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The Wanderings of Oisin and Other Poems.

London: Kegan Paul, Trench & Co., 1889 Stock Code: 140222

Inscribed by Yeats to "the poet of the North Countrie", Joseph Skipsey

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First edition, first issue, a major literary association copy, inscribed by Yeats on the front free endpaper, "To the poet of the North Countrie, Joseph Skipsey, with the author's kind regards". In addition, Yeats has made minor corrections to the text on four pages. The inscription shows Yeats's admiration for the Newcastle pitman poet, whom he honours in the manner of a maker of the old minstrel ballads.
Joseph Skipsey (1832-1903) had been orphaned during a bitter strike and sent down the pits at the age of seven. Self-educated, he moved between the world of the collieries and fitful employment in the literary world, where various patrons impressed by his poetic output tried to find him a suitable post. In 1889, the presumed year of this presentation, "a glittering company, including Burne-Jones, Browning, Tennyson, William Morris, and Lord Leighton", sponsored Skipsey to become custodian of Shakespeare's house at Stratford upon Avon. But "Skipsey, deeply knowledgeable about Shakespeare's works, could not endure being 'a common showman' of counterfeit relics to troupes of tourists (Bradley) and he returned to the Northumberland pits in 1891" (ODNB).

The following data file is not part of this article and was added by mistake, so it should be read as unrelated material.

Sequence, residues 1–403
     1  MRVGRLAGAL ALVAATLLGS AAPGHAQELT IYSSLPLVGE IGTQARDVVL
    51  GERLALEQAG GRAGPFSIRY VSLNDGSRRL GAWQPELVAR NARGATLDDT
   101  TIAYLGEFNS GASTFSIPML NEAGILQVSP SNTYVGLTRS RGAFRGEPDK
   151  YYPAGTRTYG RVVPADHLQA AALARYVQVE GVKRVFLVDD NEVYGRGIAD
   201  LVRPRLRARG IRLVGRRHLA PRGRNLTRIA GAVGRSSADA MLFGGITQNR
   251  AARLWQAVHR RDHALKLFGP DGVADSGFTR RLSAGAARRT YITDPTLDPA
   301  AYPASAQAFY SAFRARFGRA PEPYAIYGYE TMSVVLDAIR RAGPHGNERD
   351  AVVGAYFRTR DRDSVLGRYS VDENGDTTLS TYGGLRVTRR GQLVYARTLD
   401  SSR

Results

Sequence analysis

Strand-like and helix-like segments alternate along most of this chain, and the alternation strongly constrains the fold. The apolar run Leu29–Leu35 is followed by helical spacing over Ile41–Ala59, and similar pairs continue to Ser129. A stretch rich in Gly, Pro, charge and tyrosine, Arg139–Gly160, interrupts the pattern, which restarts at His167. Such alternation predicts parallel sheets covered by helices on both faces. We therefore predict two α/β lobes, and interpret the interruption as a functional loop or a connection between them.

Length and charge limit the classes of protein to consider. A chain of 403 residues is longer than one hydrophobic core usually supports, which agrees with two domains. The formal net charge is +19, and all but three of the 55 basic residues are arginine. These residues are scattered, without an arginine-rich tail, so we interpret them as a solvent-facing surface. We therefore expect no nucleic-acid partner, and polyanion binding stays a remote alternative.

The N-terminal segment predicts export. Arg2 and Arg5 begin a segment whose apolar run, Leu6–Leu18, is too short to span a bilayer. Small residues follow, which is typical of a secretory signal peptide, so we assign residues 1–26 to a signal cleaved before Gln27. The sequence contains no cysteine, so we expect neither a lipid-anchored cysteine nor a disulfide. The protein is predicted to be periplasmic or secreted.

An unpublished letter from Yeats to Skipsey is discussed in an article for Literature & History by Gordon Tait of the University of Hull. Tait argues that "in Skipsey, Yeats found an English equivalent to the Irish peasant poet, a figure whose life and poetry was central to Yeats's vision of Ireland and of his nation's literary revival", and contending that, "following the discovery of the letter from Yeats, Skipsey's poetry and influence should be considered outside the bounds of the Pre-Raphaelite clique within which he is usually located" (2016, Vol. 25(2), pp. 134-49).
Presentation copies of this landmark Yeats volume are of the utmost scarcity: the only other recorded at auction in the last 30 years was a copy of the second issue inscribed to Maude Gonne, selling for 57,600 in 2018.

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Octavo. Original blue cloth, titles to spine and front board gilt, black coated endpapers. House in a blue quarter morocco slipcase.


Short tear to fore edge of the front free endpaper, corners bumped but an excellent copy.


Hayward 295; Wade 2.


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